the source of the Court's authority to order the BOP to
turn over the funds in Mitchell's trust account. That
provision states that an incarcerated defendant who
“receives substantial resources from any source,
including inheritance, settlement, or other judgment, ”
must be “required to apply the value of such resources
to any restitution . . . still owed.” The government
also cites 18 U.S.C. § 3664(k), which authorizes a
court, in the interests of justice, to adjust a
defendant's payment schedule or require immediate payment
in full upon notification of “any material change in
the defendant's economic circumstances that might affect
the defendant's ability to pay restitution.”
courts have authorized relief by motion similar to the relief
sought by the government here. See United States v.
Lemberger, 673 F. App'x 579 (7th Cir. 2017)
(affirming district court's order authorizing funds to be
seized from the defendant's trust account). In this case,
however, a third party claims an interest in the bulk of the
funds sought by the government. In addition, setting those
disputed funds aside, it does not appear to the Court that
the remainder of Mitchell's savings represent
“substantial resources” within the meaning of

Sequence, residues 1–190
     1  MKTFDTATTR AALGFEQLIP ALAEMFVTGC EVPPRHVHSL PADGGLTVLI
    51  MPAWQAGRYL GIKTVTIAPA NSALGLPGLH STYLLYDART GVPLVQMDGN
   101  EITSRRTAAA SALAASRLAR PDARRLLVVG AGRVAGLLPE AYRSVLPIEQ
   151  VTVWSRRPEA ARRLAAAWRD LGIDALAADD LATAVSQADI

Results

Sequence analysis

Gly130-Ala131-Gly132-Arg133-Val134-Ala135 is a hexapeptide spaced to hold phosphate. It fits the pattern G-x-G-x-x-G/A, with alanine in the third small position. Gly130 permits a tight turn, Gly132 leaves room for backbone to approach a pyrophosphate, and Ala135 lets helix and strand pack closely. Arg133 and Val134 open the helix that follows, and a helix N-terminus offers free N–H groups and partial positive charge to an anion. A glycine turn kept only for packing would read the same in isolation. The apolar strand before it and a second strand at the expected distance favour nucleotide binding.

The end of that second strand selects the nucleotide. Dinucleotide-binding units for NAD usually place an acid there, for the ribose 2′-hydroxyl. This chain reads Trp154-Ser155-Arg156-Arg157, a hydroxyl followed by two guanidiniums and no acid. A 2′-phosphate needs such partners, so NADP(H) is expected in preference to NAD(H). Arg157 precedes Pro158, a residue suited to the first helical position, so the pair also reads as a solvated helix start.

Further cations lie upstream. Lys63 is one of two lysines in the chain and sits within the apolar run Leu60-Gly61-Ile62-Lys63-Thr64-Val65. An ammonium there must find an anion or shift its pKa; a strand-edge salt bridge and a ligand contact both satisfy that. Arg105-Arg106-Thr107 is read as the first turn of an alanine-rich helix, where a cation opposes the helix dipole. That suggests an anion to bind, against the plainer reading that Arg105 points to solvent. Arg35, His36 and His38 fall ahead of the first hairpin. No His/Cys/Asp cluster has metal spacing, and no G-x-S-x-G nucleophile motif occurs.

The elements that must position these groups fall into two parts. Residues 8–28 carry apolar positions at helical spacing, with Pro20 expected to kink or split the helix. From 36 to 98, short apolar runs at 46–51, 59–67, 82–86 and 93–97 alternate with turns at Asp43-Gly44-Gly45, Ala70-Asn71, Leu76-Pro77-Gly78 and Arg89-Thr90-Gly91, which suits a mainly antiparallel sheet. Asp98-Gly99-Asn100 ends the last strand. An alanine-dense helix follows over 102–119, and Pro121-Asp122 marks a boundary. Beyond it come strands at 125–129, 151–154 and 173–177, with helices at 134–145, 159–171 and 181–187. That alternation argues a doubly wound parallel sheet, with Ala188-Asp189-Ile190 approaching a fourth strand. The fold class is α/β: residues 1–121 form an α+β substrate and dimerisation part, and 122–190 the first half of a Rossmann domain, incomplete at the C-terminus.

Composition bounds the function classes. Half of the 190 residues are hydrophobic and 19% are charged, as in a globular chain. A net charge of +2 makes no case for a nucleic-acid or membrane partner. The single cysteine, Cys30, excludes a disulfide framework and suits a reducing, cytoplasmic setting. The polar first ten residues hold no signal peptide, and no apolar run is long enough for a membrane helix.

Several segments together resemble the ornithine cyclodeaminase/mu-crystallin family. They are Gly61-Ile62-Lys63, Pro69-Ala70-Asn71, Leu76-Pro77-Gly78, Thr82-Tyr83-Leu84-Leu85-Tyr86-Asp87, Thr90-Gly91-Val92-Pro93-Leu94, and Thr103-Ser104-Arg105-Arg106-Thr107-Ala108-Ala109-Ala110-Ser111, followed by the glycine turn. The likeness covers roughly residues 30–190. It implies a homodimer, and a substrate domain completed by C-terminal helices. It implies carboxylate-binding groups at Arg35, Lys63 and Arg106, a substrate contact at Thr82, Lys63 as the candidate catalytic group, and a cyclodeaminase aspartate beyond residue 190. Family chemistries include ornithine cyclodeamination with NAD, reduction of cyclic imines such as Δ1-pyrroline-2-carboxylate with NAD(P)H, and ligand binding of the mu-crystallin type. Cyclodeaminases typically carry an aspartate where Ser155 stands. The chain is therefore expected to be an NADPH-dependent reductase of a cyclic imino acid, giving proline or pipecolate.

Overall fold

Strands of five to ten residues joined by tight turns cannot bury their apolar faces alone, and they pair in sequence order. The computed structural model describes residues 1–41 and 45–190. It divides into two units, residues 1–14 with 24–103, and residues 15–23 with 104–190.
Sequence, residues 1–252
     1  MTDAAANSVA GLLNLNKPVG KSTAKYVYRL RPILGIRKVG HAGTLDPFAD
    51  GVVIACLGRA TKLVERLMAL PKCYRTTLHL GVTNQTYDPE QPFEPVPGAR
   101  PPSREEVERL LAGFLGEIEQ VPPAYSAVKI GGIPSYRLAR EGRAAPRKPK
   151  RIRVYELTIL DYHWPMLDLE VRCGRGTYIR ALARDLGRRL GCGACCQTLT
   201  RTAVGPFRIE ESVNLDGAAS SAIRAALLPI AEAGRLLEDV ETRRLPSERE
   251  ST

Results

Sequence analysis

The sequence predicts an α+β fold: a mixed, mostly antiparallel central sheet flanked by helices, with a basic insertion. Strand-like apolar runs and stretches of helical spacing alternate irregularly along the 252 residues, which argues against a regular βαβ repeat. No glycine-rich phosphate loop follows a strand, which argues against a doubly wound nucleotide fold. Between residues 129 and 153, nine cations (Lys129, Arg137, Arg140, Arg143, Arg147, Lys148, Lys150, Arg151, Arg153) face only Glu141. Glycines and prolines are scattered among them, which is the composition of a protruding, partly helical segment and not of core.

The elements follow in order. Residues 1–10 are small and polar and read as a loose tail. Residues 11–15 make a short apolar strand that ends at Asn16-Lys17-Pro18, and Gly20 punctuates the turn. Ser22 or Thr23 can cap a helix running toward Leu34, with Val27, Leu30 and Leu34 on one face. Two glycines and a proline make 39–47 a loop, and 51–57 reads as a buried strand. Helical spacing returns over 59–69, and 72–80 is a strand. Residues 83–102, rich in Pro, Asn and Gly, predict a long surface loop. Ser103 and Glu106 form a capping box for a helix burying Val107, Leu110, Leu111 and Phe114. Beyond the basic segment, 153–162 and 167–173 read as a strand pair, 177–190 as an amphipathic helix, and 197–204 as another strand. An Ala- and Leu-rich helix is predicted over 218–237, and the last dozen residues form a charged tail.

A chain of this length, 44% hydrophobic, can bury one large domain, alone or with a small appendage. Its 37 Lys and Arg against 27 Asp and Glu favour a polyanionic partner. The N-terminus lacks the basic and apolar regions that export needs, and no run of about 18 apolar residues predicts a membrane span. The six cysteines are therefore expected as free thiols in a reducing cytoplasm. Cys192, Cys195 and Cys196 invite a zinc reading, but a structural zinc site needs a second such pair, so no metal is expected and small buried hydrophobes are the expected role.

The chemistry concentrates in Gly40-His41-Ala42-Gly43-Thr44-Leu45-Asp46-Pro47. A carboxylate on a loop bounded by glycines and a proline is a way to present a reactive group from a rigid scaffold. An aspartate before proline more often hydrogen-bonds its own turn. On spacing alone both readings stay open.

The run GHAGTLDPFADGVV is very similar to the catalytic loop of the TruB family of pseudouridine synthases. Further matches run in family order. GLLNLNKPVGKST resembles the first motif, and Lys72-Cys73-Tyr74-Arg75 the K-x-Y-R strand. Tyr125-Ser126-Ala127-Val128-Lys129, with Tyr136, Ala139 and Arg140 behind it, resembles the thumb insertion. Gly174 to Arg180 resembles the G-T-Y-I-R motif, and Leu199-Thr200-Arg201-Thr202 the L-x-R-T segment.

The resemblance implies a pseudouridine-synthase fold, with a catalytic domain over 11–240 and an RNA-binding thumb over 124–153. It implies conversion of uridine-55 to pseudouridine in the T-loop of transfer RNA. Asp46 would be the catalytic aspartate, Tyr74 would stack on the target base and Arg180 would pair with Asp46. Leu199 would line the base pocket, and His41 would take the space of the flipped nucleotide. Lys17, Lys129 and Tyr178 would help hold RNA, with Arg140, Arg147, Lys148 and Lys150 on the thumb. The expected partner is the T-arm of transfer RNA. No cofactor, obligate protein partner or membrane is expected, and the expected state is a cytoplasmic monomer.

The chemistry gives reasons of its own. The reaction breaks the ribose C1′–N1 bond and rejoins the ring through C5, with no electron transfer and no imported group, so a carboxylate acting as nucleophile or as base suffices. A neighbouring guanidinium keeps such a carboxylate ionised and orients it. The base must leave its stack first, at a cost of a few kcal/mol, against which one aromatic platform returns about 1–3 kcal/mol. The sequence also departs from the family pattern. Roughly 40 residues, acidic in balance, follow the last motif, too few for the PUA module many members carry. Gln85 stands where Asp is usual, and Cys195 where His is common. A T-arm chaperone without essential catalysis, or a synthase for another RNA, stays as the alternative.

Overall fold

similar case involving third parties who claimed an interest
in a large settlement paid to a criminal defendant, the
Eighth Circuit reversed the district court's order
requiring the defendant to apply the funds to his restitution
amount, noting that it was “troubled by the district
court's summary disposition of the payment issue.”
United States v. Yielding, 657 F.3d 722, 728 (8th
Cir. 2011). The Eighth Circuit further faulted the district
court for failing to resolve the issue of ownership of the
funds, noting that the defendant “may not be ordered to
apply the settlement proceeds to his restitution debt simply
because the funds are ‘available' to him. He must
be the owner; it must be his money.”
Id. at 728-29 (emphasis in original).
motion, the government stated that it was unaware of any
third party who may claim an interest in the funds. The
government has not filed any response to Mitchell's
objection and therefore has not explained how it could
prevail in the face of the third party's claim to the
bulk of the funds. In addition, as noted, the Court is not
inclined to view the remaining funds as “substantial
resources” that must be applied to restitution under
§ 3664(n), particularly in light of the fact that
Mitchell is fully in compliance with his payment schedule and
in fact has been making additional payments. The Court will
therefore deny the government's motion and order the BOP
to release its hold on the funds. The Court suggests to
Mitchell that he may want to return the funds to the third
party and, if he does retain counsel, ask her to pay that
counsel directly. This may avoid further complications.
on the foregoing, and on all of the files, records, and
proceedings herein, IT IS HEREBY ORDERED THAT:
government's motion to authorize payment from defendant
Rory Alan Mitchell's inmate ...